NaturalLawn of America, Inc (NaturalLawn), a national franchisor of organic-based lawn care services obtained a preliminary injunction against a former New Jersey franchisee (the West Group), enjoining it from continuing to operate. NaturalLawn of America, Inc. v. West Group, LLC, 484 F.Supp.2d 392 (D.MD. 2007).
The West Group entered into three separate franchise agreements for different territories in New Jersey. At the expiration of these agreements, the West Group elected not to renew its franchise agreement, claiming that NaturalLawn’s marketing practices violated New Jersey law regarding pesticides.
Each franchise agreement contained post-termination covenants, including a two-year non-compete. Notwithstanding, upon the expiration of the franchise agreements, the West Group began operating a substantially similar business in the same territories, providing its customers with a letter indicating that it was now operating under the name “Jersey Green”.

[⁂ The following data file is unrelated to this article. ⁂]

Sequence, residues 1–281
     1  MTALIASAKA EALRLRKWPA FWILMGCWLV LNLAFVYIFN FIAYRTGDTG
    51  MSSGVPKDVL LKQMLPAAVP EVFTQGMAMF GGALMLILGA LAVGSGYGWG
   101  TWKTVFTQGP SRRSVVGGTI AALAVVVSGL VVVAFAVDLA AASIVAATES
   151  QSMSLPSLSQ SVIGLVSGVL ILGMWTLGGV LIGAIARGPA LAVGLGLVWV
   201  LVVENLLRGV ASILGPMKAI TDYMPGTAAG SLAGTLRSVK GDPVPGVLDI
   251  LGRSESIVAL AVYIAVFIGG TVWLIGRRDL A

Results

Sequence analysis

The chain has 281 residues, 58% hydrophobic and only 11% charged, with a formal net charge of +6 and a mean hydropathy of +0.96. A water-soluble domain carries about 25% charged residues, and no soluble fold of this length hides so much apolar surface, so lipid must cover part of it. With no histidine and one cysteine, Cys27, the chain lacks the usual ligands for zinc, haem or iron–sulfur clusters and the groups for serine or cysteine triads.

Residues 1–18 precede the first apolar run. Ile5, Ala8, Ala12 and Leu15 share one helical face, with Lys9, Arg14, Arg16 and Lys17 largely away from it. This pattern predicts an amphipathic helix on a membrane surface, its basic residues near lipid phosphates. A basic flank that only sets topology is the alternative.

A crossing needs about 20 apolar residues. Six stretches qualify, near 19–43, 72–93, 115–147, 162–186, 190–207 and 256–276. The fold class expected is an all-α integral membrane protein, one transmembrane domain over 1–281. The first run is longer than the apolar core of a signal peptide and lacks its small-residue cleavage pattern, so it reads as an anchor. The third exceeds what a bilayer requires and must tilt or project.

NaturalLawn filed suit in the United States District Court in Maryland. In granting the preliminary injunction, the court described the West Group’s behavior as “inexcusable” and “as blatant and unjustified a repudiation of subsisting contractual obligations in a commercial context as had been known to or encountered by this court.” The court held that NaturalLawn was likely to succeed in proving that its trademark had been infringed, that West Group misappropriated NaturalLawn’s trade secrets, including its customer lists, and that the West Group had violated the non-compete.
In rejecting the West Group’s argument that NaturalLawn’s marketing practices violated New Jersey law, the court referred to this argument as “deeply misguided” and that the court was “not remotely convinced that New Jersey law is violated by [NaturalLawn’s] business model.” In addition to not providing the court with sufficient evidence that the marketing practices violated New Jersey law, the court also pointed out that the West Group provided no plausible explanation as to why it continued to operate the franchises for more than two years.